“Provided further that the corporate insolvency resolution process shall mandatorily be completed within a period of three hundred and thirty days from the insolvency commencement date, including any extension of the period of corporate insolvency resolution process granted under this section and the time taken in legal proceedings in relation to such resolution process of the corporate debtor:”

Therefore, there might occur a financial distress to such companies that are already undergoing CIRP and such companies would be required to complete the same within the stipulated time period of 330 days. Therefore, no measure has been taken to deal in such circumstances.

To this point it becomes important to note what the Supreme Court observed in Committee of Creditors of Essar Steel India Ltd. Through Authorised Signatory v. Satish Kumar Gupta 2019 SCC NCLT 206, whereby the Supreme Court struck down the word “mandatorily” used in the above said proviso as being manifestly arbitrary under Article 14 of the Constitution of India and as being an excessive and unreasonable restriction on the litigant’s right to carry on business under Article 19(1)(g) of the Constitution and held as follows:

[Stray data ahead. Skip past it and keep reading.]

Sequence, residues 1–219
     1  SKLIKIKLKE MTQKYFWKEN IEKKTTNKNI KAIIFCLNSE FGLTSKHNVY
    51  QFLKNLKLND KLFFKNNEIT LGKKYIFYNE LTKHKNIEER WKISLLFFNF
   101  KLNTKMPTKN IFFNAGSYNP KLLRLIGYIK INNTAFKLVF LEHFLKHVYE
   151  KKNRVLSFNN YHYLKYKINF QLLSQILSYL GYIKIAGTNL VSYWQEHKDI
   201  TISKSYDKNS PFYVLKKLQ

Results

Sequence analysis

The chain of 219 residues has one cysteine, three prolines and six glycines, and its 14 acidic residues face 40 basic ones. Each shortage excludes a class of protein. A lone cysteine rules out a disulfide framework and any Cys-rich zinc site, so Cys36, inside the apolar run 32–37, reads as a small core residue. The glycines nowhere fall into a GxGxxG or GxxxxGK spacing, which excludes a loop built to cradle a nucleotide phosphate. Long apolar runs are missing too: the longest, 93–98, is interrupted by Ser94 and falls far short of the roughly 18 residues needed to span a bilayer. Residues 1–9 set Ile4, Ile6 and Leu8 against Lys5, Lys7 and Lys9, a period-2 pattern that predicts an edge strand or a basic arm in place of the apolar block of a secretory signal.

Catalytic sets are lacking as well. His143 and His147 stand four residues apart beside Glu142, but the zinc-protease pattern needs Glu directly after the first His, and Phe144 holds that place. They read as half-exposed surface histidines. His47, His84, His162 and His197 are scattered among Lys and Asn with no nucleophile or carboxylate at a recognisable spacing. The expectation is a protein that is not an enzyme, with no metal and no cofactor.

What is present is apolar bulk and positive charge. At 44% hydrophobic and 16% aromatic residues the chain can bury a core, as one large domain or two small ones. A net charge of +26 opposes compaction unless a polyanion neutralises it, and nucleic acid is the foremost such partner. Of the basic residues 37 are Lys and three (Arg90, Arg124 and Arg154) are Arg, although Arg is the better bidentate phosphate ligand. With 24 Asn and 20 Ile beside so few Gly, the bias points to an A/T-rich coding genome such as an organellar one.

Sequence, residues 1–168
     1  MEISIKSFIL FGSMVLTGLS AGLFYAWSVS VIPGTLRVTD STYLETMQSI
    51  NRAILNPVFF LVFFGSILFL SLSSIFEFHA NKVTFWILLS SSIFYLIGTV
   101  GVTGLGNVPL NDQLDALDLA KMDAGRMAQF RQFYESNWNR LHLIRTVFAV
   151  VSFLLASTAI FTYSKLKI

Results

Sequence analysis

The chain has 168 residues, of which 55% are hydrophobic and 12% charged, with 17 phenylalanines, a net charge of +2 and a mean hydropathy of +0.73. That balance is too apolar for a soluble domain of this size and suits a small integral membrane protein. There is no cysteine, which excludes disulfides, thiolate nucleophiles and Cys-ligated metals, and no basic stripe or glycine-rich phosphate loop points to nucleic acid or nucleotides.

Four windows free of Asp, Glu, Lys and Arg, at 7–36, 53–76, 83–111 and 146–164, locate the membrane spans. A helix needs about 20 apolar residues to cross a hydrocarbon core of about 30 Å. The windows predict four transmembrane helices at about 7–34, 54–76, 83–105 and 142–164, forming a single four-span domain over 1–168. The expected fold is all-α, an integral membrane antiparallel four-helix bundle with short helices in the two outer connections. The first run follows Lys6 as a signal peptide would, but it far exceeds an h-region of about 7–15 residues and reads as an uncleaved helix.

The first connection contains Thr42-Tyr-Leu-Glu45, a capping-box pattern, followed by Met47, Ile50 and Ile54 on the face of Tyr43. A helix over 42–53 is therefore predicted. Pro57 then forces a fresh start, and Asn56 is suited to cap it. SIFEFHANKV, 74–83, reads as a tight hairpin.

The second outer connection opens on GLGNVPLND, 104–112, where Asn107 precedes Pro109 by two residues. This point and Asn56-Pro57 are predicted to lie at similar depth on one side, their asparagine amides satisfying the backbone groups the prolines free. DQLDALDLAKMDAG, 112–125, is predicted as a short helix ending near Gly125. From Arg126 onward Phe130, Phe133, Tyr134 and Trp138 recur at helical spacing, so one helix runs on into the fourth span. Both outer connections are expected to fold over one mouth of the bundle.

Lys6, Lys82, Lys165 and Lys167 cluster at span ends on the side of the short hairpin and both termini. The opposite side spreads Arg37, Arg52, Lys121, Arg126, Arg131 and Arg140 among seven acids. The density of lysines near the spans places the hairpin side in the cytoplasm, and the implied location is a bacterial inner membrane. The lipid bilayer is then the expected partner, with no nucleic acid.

“108. …The effect of this declaration is that ordinarily the time taken in relation to the corporate resolution process of the corporate debtor must be completed within the outer limit of 330 days from the insolvency commencement date, including extensions and the time taken in legal proceedings. However, on the facts of a given case, if it can be shown to the Adjudicating Authority and/or Appellate Tribunal under the Code that only a short period is left for completion of the insolvency resolution process beyond 330 days, and that it would be in the interest of all stakeholders that the corporate debtor be put back on its feet instead of being sent into liquidation and that the time taken in legal proceedings is largely due to factors owing to which the fault cannot be ascribed to the litigants before the Adjudicating Authority and/or Appellate Tribunal, the delay or a large part thereof being attributable to the tardy process of the Adjudicating Authority and/or the Appellate Tribunal itself, it may be open in such cases for the Adjudicating Authority and/or Appellate Tribunal to extend time beyond 330 days…”